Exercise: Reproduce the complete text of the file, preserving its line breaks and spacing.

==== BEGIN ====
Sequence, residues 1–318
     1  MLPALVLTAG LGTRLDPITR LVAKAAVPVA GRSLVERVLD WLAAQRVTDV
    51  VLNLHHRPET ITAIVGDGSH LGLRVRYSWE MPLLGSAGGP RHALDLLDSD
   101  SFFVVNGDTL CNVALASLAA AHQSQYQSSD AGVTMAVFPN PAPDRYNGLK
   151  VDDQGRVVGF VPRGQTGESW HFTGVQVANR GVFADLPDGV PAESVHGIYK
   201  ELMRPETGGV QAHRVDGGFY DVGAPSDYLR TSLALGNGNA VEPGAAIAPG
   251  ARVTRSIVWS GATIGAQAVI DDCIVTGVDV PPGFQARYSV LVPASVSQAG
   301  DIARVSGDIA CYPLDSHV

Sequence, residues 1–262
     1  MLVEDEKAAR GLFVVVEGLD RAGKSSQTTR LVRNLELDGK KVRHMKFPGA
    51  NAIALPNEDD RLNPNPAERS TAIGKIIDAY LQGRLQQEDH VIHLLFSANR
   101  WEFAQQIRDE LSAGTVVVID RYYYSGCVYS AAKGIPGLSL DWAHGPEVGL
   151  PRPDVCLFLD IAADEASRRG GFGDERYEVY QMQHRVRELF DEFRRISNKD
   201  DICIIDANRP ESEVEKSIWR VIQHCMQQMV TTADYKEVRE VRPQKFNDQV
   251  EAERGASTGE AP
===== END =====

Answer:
Sequence, residues 1–318
     1  MLPALVLTAG LGTRLDPITR LVAKAAVPVA GRSLVERVLD WLAAQRVTDV
    51  VLNLHHRPET ITAIVGDGSH LGLRVRYSWE MPLLGSAGGP RHALDLLDSD
   101  SFFVVNGDTL CNVALASLAA AHQSQYQSSD AGVTMAVFPN PAPDRYNGLK
   151  VDDQGRVVGF VPRGQTGESW HFTGVQVANR GVFADLPDGV PAESVHGIYK
   201  ELMRPETGGV QAHRVDGGFY DVGAPSDYLR TSLALGNGNA VEPGAAIAPG
   251  ARVTRSIVWS GATIGAQAVI DDCIVTGVDV PPGFQARYSV LVPASVSQAG
   301  DIARVSGDIA CYPLDSHV

Sequence, residues 1–262
     1  MLVEDEKAAR GLFVVVEGLD RAGKSSQTTR LVRNLELDGK KVRHMKFPGA
    51  NAIALPNEDD RLNPNPAERS TAIGKIIDAY LQGRLQQEDH VIHLLFSANR
   101  WEFAQQIRDE LSAGTVVVID RYYYSGCVYS AAKGIPGLSL DWAHGPEVGL
   151  PRPDVCLFLD IAADEASRRG GFGDERYEVY QMQHRVRELF DEFRRISNKD
   201  DICIIDANRP ESEVEKSIWR VIQHCMQQMV TTADYKEVRE VRPQKFNDQV
   251  EAERGASTGE AP